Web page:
Although product development has been described by many authors as a cycle, we would refer to it as a tower, where the main pillar is the preformulation phase. Most of the reference information about API´s and excipients is gathered at this stage in order to guide the next steps and to build the product file. What it was not said to the industry was that based on that definition, preformulation would be high consuming in time and in resources, in order to guarantee success at the final product. It was only said many years later when QbD concept was introduced!
It would help to illustrate the concept, thinking about the preformulation phase as the way to solve the incognita ABC through the equation: A+AC+B+BC=ABC, being A the fill formulation, C the stability conditions (temperature, humidity), B the gelatin formulation and ABC the softgel product. In the same way, since the gelatin softgel is a primary packing for the medicine, it would also help to apply the same reasoning of packing development to formulation development. In packing, some attributes such as size (which sometimes is not considered relevant to formulation) could be associated to sealing problems. In this approach, the packing material (providing contention, protection and mechanical resistance, among others) is as important as or even more so than the product itself and must be adequate for both product and packing process. All of the details about packing materials such as properties, applications and limitations are the starting point for development. Why it is not the same criteria applied to gelatin formulations since it is the primary packing of the drug? Moreover, criteria to decide which packing material to use depends on product specifications (i.e. size, hardness, color, photosensitivity, flow, drug liability to temperature and humidity) and the same should be applied in regards to the fill formulation (i.e. pH, ionic force, flow properties, etc).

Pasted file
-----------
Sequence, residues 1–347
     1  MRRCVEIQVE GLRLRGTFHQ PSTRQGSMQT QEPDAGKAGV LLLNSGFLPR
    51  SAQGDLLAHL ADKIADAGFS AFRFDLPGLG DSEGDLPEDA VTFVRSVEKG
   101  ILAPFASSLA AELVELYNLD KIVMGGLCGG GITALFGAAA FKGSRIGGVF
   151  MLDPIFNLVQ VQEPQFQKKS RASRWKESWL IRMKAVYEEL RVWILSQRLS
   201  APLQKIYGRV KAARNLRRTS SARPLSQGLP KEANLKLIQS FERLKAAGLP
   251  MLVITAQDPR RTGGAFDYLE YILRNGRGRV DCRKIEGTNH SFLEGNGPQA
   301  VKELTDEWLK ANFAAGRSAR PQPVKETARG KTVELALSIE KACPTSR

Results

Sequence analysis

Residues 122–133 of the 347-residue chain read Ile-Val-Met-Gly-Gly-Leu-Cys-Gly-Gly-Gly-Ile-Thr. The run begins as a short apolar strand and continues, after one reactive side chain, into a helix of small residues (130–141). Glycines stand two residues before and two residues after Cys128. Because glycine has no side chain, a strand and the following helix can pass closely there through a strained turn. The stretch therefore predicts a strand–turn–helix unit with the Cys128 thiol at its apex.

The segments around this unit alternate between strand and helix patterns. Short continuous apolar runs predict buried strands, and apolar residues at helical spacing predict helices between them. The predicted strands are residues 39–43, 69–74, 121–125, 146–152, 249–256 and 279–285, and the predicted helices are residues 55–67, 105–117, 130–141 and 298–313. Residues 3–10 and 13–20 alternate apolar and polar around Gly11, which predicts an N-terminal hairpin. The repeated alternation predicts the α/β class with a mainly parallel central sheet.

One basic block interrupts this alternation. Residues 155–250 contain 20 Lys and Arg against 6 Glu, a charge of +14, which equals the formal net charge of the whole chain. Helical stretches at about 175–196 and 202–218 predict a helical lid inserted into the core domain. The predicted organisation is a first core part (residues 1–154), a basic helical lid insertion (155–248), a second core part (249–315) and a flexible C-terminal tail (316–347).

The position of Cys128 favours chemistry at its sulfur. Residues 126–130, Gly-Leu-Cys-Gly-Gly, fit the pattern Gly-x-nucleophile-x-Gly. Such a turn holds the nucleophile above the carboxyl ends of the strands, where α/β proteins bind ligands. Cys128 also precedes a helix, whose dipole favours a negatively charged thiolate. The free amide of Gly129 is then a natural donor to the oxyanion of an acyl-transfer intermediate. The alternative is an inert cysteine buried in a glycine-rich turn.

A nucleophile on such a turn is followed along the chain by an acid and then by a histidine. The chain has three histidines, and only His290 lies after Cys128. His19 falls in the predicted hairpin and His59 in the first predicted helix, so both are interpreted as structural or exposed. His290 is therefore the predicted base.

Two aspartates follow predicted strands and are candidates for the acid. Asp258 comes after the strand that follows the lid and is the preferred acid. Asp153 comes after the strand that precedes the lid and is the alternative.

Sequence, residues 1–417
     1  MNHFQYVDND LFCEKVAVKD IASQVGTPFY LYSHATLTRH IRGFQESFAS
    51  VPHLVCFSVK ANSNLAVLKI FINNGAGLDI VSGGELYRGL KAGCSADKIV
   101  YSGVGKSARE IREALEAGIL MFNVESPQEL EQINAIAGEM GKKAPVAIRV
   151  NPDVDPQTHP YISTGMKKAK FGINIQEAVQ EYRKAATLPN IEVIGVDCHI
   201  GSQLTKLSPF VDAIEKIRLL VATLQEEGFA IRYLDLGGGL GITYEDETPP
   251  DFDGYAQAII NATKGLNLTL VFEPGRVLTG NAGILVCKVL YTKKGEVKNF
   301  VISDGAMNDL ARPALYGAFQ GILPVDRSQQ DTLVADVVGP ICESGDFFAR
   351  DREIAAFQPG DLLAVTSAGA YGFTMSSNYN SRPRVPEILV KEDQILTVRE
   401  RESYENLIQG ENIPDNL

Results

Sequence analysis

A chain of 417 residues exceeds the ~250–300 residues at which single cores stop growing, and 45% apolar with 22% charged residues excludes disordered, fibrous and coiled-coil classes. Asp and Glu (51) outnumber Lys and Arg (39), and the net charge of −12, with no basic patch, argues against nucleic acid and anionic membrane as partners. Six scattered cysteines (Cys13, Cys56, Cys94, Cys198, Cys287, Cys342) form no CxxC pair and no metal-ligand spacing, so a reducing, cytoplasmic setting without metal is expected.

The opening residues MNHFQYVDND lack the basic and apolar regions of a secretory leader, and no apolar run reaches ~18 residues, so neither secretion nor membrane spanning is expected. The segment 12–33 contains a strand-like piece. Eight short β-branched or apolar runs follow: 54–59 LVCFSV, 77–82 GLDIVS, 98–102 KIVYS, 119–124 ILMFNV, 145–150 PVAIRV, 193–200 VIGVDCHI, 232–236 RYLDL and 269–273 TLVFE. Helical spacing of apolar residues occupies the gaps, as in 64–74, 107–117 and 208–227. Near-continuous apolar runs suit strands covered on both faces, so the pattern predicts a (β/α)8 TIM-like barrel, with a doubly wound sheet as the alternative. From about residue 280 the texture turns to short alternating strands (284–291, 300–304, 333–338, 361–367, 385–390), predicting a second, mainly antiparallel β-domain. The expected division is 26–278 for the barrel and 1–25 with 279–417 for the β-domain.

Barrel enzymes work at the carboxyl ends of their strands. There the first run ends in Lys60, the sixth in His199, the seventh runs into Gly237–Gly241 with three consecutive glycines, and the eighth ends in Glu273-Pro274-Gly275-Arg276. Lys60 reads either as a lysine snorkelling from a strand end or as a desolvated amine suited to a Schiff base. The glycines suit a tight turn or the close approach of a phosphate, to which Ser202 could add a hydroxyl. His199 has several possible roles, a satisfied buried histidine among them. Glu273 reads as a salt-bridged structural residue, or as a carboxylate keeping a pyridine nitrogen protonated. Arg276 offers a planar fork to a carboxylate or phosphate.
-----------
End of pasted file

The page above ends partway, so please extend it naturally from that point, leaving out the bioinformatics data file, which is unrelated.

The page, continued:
Formulation of pharmaceutical products has been considered a tailor-made approach for each product and based on it, defining a formulation guide is somewhat controversial. However, to stablish a guide with multiple considerations on formulation is a great help as the first step to discard predictable incompatibilities and to avoid the most common formulation non-compliances. On the other hand, some incompatibilities are difficult to detect at a lab scale. Usually, there is a constraint to obtain capsules at small scale, test the system as a whole and evaluate migration phenomena, one of the main causes of most of the defects presented in softgels (dissolution non-compliance, opacity, blooming, etc).The question in the air is What to do, then? What are the lab tests and the analytical tools that help to make it easier?. Shortcuts are highly desirable and we have driven some efforts to simplify preformulation studies as much as possible.
Based on our experience and depending on product complexity, preformulation phase accounts about 40-60% of the budget and the timeline of a Project. Moreover, a question would be: HOW MUCH time is foreseen to cover difficulties in preformulation? Here, using a weighted punctuation for the product complexity to estimate formulation times would be a recommended approach.
Another concern in the way to make preformulation as profitable as it could be, is to determine if lab tests correlate well with pilot scale (adding more work!!). Here, what we could say is that it could be reliable at least to test the excipients, when process parameters are kept as controlled as possible at lab scale.
WHO are the partners that help to build that knowledge? Invite your suppliers, analysis labs and costumers of contract manufacturing to participate since they have already faced similar or worst cases and therefore they could advise about critical points to consider on preformulation designs.
At Procaps, we started the QbD framework some years ago and what we learned about gelatin preformulation is the importance of consolidating the lessons, building the decision diagram and feeding the formulation bank including the criteria for the selection of a gelatin formula or another in a general basis as well as in some specific cases. QbD approach offers the exploration space to cover the most relevant aspects of development. However, in the future if you do have to review the process you will have the knowledge and know how to overcome the most probable causes of noncompliance. In brief, it is for sure a matter of time: the saved time from noncompliances and reformulation!
Finally, as the purpose of this space to share knowledge and experiences, we would like to hear from you about the questions planted above as well as your particular questions. To learn more insights on this matter join us in our upcoming webinar on Application of QbD principles in the development of the gelatin shell formulation of softgels.
For more information on our company and services visit www.softigel.com or contact us at Softigel@procaps.com.co